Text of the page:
March 11, 2005

History, someone once told me, is written by those who can afford the ink.


Actually, history is constantly rewritten in the interpretations of those looking back and writing it, but ultimately the facts never change. Facts are facts: sometimes you know them at the time, sometimes you don’t; sometimes you learn them later, and sometimes you never do.


Relationships are the same way. They simply are, but are open to the interpretation of the participants and those around it. The facts do not change, and yet a relationship seems in constant flux of “fact.”


One would think that the truest view of a relationship would not be from those within it, but from someone outside it. But then the argument could be made along the old scientific premise — and I can’t remember who it was that made this obvious observation — that the observer changes the observed by observing — thus, the outsider’s interpretation is altered by their own relationship with the main participants.


When I was younger I used to play with magnets. I still do sometimes. Magnets are great toys but they also get one thinking. You do not “see” polarity. There is nothing tangible to grasp in the magic of opposites attracting and the like repelling. Magnets push away and pull towards and flip this way and that, clacking together and shooting away and out of one’s hand. Sometimes they will snap together and painfully catch a bit of skin.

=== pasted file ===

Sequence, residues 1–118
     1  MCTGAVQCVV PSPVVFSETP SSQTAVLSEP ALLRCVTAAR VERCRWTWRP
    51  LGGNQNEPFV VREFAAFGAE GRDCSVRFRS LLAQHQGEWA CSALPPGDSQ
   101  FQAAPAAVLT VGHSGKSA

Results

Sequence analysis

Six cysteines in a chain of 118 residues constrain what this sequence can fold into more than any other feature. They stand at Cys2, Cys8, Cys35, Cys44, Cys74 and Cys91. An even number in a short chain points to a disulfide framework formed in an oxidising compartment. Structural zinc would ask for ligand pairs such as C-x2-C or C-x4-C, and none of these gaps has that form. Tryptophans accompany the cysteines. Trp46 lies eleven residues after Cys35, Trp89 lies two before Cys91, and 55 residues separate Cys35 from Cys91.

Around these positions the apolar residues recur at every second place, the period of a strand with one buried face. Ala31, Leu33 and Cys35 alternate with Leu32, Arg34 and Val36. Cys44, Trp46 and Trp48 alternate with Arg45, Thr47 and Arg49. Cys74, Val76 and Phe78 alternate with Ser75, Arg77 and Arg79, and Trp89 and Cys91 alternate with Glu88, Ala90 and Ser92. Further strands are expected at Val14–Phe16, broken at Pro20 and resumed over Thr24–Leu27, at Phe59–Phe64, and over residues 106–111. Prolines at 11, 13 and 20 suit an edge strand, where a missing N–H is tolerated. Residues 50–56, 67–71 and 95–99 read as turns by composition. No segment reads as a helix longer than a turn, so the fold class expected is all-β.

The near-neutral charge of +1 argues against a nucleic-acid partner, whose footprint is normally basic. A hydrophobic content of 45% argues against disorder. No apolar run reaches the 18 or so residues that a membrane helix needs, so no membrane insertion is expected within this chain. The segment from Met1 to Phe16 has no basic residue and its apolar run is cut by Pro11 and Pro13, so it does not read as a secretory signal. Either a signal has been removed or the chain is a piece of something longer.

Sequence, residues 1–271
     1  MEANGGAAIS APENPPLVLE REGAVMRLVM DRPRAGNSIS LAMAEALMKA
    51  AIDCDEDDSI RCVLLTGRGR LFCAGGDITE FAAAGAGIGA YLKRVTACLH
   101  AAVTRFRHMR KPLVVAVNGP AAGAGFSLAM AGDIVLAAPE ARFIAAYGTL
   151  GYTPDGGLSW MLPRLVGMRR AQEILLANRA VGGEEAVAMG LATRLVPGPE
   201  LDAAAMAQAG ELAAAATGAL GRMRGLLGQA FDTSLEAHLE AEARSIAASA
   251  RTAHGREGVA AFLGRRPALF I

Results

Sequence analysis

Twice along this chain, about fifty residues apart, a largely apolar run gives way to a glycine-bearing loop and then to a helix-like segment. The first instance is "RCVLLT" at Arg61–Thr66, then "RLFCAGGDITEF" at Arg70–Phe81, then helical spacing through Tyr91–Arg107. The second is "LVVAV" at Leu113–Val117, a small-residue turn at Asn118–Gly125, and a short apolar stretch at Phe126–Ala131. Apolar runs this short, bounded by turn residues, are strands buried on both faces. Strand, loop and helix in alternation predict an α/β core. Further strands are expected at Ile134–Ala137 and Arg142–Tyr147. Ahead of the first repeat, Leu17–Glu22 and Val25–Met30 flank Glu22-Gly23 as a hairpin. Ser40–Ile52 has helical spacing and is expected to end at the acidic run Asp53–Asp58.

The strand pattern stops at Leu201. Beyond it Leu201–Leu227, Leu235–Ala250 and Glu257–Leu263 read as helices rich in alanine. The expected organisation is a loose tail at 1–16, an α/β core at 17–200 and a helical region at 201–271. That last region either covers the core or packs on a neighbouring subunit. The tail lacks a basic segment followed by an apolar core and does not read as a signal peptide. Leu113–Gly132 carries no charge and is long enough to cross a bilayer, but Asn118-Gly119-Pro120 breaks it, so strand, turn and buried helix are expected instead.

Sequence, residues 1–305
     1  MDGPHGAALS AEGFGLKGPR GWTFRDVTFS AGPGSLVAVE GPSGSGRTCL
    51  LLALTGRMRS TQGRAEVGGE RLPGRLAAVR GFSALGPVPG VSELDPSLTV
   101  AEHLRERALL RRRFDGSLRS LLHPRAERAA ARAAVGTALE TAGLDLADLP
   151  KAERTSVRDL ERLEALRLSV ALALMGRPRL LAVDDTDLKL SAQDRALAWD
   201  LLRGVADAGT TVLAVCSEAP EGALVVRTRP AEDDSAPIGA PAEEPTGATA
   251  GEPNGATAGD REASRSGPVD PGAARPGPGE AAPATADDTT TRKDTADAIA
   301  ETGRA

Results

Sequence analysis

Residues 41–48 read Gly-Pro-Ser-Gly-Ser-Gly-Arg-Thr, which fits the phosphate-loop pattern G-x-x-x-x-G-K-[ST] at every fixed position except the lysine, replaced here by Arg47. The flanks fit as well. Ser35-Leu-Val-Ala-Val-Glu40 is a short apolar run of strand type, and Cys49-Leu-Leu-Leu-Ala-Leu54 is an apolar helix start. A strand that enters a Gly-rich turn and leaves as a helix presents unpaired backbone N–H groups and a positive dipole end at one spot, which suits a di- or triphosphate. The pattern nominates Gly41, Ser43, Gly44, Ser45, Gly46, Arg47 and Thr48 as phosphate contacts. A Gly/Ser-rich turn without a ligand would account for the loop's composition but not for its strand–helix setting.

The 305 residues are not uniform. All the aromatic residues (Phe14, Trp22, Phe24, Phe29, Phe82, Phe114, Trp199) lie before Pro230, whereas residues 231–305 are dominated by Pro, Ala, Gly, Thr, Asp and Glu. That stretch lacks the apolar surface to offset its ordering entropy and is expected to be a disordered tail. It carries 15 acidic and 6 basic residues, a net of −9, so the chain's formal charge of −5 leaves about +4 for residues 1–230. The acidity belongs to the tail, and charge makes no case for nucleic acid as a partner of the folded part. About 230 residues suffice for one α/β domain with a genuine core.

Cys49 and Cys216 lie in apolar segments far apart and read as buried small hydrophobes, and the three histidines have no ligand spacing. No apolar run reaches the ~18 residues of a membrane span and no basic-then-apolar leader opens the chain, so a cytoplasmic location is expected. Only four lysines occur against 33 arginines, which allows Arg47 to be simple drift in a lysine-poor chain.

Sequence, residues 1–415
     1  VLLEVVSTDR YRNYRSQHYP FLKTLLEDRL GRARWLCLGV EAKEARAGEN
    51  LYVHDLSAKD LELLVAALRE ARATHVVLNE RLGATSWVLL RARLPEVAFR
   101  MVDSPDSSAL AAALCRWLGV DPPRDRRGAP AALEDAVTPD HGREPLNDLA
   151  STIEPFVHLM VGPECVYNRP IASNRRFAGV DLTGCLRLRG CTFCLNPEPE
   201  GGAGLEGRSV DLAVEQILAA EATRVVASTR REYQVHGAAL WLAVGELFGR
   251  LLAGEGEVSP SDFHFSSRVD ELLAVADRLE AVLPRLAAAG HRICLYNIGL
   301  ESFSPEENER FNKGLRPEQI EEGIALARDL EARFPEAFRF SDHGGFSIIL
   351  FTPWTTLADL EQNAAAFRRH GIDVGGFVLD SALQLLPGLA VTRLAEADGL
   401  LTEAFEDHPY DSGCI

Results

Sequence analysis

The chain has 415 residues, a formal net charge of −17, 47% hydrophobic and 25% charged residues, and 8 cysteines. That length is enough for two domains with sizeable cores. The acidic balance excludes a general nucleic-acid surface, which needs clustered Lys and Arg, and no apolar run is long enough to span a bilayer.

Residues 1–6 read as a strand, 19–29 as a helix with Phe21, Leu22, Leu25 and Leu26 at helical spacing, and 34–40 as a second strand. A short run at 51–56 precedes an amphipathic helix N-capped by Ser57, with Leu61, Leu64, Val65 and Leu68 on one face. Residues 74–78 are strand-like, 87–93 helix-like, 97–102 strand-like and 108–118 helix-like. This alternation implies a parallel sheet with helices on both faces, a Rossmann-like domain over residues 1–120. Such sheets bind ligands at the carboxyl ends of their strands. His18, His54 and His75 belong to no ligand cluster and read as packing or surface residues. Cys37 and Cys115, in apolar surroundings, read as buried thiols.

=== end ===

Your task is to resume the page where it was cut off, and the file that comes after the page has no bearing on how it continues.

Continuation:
They’re a good precursor to observing human behavior. You cannot “see” what makes a relationship happen, and sometimes a relationship simply doesn’t make sense. Maybe one time it did, or didn’t. Observing your parents can reveal exasperation, happiness, anger, drifts and darts hidden in smiles, but also the clacking noise of attraction.


Everything is relative. Galileo understood that absolute motion is unobservable. A relationship always in motion cannot be defined. Only the relative motion between two objects has any meaning.


Similarly, one’s eyes responds only to light and dark. The value of color is perceived only in its relation to the colors around it, thus a person is unique in how they interact with others, or paradoxically, how they blend in.


Contentment is the same way. We consider ourselves satisfied only when compared to some other condition. We only realize our good health when we are sick, and only recognize our strengths when faced with our weaknesses or failure. A win has little value if you’ve never lost, for example, and likewise, you may never know what you had until it’s gone.


How one perceives the dance affects how one dances. Duende: “to have a certain magic.”


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